The title, it turns out, was the publisher’s idea. It was originally going to be “To Take You Home”, a line from Jonathan Livingston Seagull. Born to Win didn’t sit quite right with Bertrand at the time – he worried it would sound arrogant to Australian ears. He finally agreed to it because, ultimately, he wanted the book to legitimise winning. “If I couldn’t celebrate success at that point, having won the America’s Cup, then nobody could.”

It struck me as I listened that few people can be so deeply embedded in a sacred national memory as Bertrand is. He had just spent three days being quizzed by filmmakers working on the Netflix documentary about Australia II. What was that like? “Great. Very emotional.” It made him realise that level of intensity required to win the cup was a form of insanity. “I knew myself that if we’d lost I would have kept going till we won. That was the level of craziness that was required. I would have gone again, and it probably would have blown my marriage.” The seven-race series left him with a kind of post-traumatic stress disorder. It was six months, he told me, before he was able to go to a dinner party and be able to talk about nothing, like a normal person.

After the cup Bertrand toyed briefly with politics, but eventually threw himself into the challenges of the corporate world. There were very good times, and some pretty bad ones. He was chair of the syndicate whose boat, oneAustralia, sank spectacularly off San Diego at the 1995 America’s Cup with Bertrand on board. But he regards setbacks as a chance to learn and come back stronger. Today, Bertrand is a businessman, philanthropist and motivational speaker; he seems to be a compulsive mentor, too. I sensed that if someone’s having a real crack at something, whatever it is – swimming, floating a company, writing an article about memories of an old book – he’s happy to help if he can. Why not? He still feels, he told me, “tremendously fortunate to have been involved in an achievement that this country is still so proud of”.

What he remembers now about writing the book with Robinson in 1984 is how gruelling it was. A great experience, but “a bleed”. “If I hadn’t written it, I wouldn’t have gotten it out of my system. I was able to purge my system and get on with my life.” He did feel some people misrepresented the book when it came out, particularly some journalists. The troubles with Ben Lexcen and Alan Bond quickly blew over, but apparently neither man ever did read Born to Win. In fact, I was startled to learn, Bertrand hasn’t either – not from start to finish.

I flashed back to that summer when I’d read it over and over. Well, they say history is written by the victors – they don’t say it’s read by the victors. Perhaps they’re too busy. But Bertrand has clearly thought a lot about the impact Australia II had on the country. “We built a very high-performance team that performed when it really counted on the world stage,” he said. “I think if there’s one legacy, it’s that we were able to legitimise success in this country, without people knocking you for it.” The win gave the country a huge injection of confidence. “How can you put a value on that? I think it was the growing up of the country in many ways … Bob Hawke was the first to say: ‘This is the new Australia coming forward.’ ”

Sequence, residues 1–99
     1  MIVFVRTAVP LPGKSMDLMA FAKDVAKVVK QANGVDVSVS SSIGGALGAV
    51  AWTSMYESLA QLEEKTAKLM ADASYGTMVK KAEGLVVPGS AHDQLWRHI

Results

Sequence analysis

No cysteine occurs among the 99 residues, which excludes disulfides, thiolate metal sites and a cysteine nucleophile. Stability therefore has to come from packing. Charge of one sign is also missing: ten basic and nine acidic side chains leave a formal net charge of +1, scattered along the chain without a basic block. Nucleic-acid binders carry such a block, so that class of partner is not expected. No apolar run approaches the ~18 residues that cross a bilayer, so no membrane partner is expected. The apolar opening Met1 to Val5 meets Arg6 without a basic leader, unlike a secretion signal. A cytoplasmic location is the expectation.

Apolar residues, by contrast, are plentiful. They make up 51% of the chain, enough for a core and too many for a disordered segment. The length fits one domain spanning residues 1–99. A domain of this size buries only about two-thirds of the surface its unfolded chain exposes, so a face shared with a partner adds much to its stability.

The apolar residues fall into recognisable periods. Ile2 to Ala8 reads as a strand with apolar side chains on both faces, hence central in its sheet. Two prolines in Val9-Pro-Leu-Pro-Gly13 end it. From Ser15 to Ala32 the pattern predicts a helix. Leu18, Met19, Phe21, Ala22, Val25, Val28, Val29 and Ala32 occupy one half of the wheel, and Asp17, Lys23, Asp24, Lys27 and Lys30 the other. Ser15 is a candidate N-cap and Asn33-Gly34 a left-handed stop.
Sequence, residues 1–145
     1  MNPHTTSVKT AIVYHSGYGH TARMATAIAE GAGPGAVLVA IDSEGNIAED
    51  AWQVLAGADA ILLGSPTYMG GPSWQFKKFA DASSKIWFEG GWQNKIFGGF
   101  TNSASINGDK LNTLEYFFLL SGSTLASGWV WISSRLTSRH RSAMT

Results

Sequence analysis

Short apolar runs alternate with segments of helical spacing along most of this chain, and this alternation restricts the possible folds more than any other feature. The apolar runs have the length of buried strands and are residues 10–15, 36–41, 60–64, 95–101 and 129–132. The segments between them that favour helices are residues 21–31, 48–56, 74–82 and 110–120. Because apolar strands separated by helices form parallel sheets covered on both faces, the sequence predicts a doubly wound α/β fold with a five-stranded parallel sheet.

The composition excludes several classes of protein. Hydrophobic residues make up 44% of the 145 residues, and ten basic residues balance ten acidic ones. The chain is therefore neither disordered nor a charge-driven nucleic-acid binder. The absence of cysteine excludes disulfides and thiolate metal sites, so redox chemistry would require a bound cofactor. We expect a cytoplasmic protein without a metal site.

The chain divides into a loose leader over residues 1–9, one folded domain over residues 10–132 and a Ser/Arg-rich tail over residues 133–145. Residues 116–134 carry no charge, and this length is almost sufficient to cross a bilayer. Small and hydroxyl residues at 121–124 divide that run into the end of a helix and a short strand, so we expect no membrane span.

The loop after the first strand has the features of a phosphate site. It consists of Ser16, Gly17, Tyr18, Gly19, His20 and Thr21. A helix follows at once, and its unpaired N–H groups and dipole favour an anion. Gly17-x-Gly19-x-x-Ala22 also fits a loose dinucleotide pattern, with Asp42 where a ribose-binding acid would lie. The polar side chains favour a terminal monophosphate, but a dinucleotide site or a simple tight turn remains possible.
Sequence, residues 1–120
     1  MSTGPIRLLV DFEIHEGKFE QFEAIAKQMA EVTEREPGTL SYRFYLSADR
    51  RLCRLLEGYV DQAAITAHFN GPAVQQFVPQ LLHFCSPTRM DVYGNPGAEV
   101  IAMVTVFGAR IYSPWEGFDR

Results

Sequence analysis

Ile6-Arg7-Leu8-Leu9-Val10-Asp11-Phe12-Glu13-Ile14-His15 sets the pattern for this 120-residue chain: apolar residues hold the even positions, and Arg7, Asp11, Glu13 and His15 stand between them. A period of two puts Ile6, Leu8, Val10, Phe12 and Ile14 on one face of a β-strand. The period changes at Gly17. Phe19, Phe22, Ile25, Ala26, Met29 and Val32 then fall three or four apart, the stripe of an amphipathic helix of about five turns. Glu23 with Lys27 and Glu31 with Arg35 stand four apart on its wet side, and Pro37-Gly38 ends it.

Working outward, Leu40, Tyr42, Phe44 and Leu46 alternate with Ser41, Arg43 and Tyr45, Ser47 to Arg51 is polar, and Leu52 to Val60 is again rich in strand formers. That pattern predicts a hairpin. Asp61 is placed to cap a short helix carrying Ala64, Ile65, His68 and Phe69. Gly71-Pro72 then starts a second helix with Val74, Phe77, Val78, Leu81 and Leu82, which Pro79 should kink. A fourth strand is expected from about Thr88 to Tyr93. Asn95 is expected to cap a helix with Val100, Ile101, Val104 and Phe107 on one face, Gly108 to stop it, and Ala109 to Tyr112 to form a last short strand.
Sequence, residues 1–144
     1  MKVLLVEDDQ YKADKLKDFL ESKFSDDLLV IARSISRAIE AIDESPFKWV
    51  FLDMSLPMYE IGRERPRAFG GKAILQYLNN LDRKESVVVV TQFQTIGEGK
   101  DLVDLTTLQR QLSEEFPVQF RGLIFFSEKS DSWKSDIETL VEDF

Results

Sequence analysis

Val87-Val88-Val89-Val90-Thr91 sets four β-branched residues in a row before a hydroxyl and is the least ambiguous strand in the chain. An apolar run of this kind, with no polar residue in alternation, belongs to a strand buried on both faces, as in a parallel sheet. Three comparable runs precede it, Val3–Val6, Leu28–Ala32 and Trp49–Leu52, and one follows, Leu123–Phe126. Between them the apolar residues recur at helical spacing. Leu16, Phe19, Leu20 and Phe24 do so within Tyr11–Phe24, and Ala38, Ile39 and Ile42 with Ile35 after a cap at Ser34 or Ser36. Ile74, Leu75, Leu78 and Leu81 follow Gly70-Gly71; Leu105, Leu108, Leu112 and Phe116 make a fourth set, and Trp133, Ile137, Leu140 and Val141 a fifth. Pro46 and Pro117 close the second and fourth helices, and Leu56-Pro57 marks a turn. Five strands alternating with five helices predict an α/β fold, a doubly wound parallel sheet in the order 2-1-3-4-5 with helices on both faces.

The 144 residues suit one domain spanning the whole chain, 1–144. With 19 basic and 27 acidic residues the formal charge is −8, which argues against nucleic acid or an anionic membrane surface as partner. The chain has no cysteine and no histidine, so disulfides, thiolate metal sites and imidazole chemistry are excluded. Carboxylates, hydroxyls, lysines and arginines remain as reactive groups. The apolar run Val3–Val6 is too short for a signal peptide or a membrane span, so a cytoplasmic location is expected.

What excites Bertrand now – and it really excites him – are all the opportunities for young Australians to achieve their own great successes on the world stage. But wasn’t there anything he still valued about the “old” Australia, the one before competition and efficiency became everything, so fondly evoked in the early pages of Born to Win? “Well, I was part of that amateur world, just dreaming about perfection as much as one can. There was no money involved. People did what they did because they loved what they were doing.” More innocent times? “Well, naive. That’s the beautiful naivety of the Australia I grew up in. But you can’t stop progress. In terms of our inability to compete worldwide, we had to move forward.”

We talked for an hour. By the end I was half­thinking I should hurry home and get cracking on my own internet start-up. But I was also wondering about the Australian inclination to leave the past alone and just get on with it – nostalgia is okay but looking at the past too closely isn’t going to get you far. There’s a virtue in that. But it also means we don’t think very hard about how much we’ve changed, or when the path we’re on became the only one we could imagine.

It finally dawned on me that my hero of decades past has only ever really been interested in the future. When I go to bed I mostly toss and turn worrying about all the mistakes I’ve made. When Bertrand goes to bed, he told me, he pictures the sail of the yacht he races these days, willing it into a more perfect shape in his mind, trying to make the bloody boat go faster.

Thornton McCamish

Thornton McCamish is a Melbourne-based journalist and author. His most recent book is Our Man Elsewhere: In Search of Alan Moorehead.